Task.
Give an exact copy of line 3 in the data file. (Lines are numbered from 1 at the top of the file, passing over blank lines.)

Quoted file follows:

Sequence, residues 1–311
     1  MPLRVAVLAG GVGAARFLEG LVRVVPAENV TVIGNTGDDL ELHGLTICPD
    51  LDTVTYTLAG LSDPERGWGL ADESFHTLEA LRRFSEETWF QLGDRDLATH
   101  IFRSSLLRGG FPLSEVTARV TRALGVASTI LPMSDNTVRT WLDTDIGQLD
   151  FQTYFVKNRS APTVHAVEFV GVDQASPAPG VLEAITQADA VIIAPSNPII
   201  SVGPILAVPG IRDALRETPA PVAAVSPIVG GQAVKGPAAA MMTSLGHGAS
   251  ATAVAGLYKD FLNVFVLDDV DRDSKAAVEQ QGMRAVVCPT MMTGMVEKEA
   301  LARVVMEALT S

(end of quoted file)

    51  LDTVTYTLAG LSDPERGWGL ADESFHTLEA LRRFSEETWF QLGDRDLATH